For A Comic Like Robin Williams, Depression Can Wait 2 Steps Offstage Robin Williams reportedly suffered from severe depression before his death. Former TV talk show host Dick Cavett recalls his interview with Williams and his own struggles with depression.

For A Comic Like Robin Williams, Depression Can Wait 2 Steps Offstage

For A Comic Like Robin Williams, Depression Can Wait 2 Steps Offstage

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Robin Williams reportedly suffered from severe depression before his death. As the country copes with the shock of the comedian's apparent suicide, former TV talk show host Dick Cavett recalls his interview with Williams and his own struggles with depression.


A coroner in Marin County California said today that Robin Williams' death was a suicide by hanging. A toxicology report won't be ready for at least another few weeks. Williams was 63. He'd suffered for years from periodic bouts of substance abuse. The coroner said Williams had sought treatment for depression before his death. When Terry Gross interviewed Robin Williams on WHYY's Fresh Air in 2006, the subject of suicide came up as a joke. Terry asked him about depression and about his experience of psychotherapy. It's helpful, he said, if you're willing to change.


ROBIN WILLIAMS: As the one therapist said, change is not a hobby, you know? And there's the one guy at the suicide hotline said life isn't for everybody.


WILLIAMS: That would be a rough one. Hey, hi - like, hey, how you doing? Well, you know.

SIEGEL: Dick Cavett also interviewed Robin Williams back when Williams was the star of "Mork And Mindy" and Cavett was a beacon of intelligent talk on television. In the years since, Cavett who now writes opinion pieces for the New York Times has discussed his own depression including bouts with suicidal thoughts, and earlier today, we spoke by phone. Dick Cavett says barely a month goes by that someone doesn't mention his interviews with Williams.

DICK CAVETT: He was in comic-manic mode all the way through. I was sorry in one way. We both had the same manager at the time, the legendary Jack Rollins. And Jack had said see if you can get Robin to talk for part of the show. And I didn't. I couldn't. He was up there and almost like a man saying help me. I can't come down. I'm sorry. He remained hilarious all the way through.

SIEGEL: And when you're talking to somebody who's on that comic-manic jag at the time, are you thinking boy, Robin may have a problem, or are you thinking, wow, this guy's just an incredibly gifted comedian?

CAVETT: I think without knowing it, you must think that because he was so high but so funny but I - the interesting thing was I knew that for Jack Rollins' sake and mine, I wanted people to see how appealing Robin was to talk to - how intelligent he was - how thoughtful he was - how kindly he was, talking as himself. And none of the people who watched the shows missed anything in Robin from their point of view because that wasn't there. But I was sorry didn't get it.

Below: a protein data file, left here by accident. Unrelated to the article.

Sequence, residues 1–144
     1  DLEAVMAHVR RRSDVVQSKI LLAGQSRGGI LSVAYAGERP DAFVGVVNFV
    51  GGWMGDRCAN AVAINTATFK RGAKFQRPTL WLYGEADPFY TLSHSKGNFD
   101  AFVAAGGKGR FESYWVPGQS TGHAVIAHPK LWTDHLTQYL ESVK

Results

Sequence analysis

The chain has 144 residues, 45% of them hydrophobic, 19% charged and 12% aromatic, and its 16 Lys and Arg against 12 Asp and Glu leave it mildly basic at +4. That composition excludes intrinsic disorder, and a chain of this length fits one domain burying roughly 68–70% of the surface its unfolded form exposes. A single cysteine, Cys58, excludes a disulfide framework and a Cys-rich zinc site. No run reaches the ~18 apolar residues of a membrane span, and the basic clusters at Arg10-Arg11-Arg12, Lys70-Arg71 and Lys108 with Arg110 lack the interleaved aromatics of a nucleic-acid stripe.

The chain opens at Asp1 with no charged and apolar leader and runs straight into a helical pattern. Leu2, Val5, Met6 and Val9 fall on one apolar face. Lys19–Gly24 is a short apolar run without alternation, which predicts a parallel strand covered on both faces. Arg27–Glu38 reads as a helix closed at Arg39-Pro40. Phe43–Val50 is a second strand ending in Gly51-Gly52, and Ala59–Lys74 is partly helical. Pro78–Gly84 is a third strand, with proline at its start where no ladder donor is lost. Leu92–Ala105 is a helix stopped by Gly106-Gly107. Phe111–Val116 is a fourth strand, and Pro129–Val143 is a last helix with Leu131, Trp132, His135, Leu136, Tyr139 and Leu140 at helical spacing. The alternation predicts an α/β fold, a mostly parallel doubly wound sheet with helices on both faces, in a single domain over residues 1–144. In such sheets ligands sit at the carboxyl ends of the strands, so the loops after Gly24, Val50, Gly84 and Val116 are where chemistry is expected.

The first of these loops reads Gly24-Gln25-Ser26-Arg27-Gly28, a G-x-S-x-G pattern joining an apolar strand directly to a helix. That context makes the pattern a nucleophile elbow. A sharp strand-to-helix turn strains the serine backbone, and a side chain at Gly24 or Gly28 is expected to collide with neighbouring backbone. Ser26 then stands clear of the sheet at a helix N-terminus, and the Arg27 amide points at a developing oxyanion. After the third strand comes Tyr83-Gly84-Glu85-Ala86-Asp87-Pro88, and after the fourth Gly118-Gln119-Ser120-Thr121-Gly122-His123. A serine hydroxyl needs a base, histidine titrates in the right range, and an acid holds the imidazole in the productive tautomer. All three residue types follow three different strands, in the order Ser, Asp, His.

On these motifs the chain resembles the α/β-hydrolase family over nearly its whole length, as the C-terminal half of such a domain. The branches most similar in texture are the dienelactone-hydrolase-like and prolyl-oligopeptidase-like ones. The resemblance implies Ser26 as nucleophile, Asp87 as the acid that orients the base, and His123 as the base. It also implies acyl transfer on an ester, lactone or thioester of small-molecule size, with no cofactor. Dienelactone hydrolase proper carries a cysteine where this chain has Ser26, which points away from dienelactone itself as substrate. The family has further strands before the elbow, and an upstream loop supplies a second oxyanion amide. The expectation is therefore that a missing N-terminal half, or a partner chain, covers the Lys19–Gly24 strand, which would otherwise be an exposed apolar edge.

CAVETT: Also with Robin as with his hero and mentor Jonathan Winters - another man plagued with booze, neurosis, depression and genius who also had so many personalities going on in himself - had so much access to being able to switch from an old lady to a soldier to a right-winger to a left-winger to a child. This must be a price paid interiorly by that rich, rich combination of fireworks going on in your head.

SIEGEL: In that clip from the interview with Terry Gross that we heard - by the way, she asked Williams if he'd ever experienced clinical depression and he said no - and as I was thinking of that joke that he made about the suicide hotline, I realized that with somebody that funny I get a false sense of well-being - that his hyper awareness is a kind of inoculation. As if you can be that insightful and funny about things, then you can't be that vulnerable to them. Is it...

CAVETT: You would think so, and yet, depression is visible in a high-energy performer two steps off the stage into the wings. And that inoculation holds - nobody knows why this is - that you can go out and do a show when you could barely get out of bed or dress yourself that day.

SIEGEL: But to have that gift is to be able to deceive a lot of people around you - some people who might be the very ones who should be coming to your aid when the depression gets really black.

CAVETT: Yeah, that's a good observation because the world is full of cases of, he was laughing in the restaurant with friends the night before. Another thing I'm sure that people all over the place are saying - how could he do this to his children and his wife? Easy - they don't mean anything to you. You can't feel anything. It sounds awful to say, but it's one of the worst things about it.

SIEGEL: Obviously we were all surprised by this news. After it sunk in -after you'd - you know, you'd absorbed the fact of his death, did it - did the pieces come together for you? Did it make sense in terms of depression and suicide and Robin Williams?

CAVETT: I would always have thought that Robin was a prime candidate for it, and I don't know exactly why I say that because he was never seemingly depressed when I was around him. We would laugh on that show. You couldn't throw anything at him that he couldn't throw back funny. And you almost make the mistake of thinking, how can you be a great musician or a great comedian or a great actor and want to die? He did.

SIEGEL: Dick Cavett, thanks for talking with us about the very sad news of the death by apparent suicide of Robin Williams.

CAVETT: Hard to believe - thank you, Robert.

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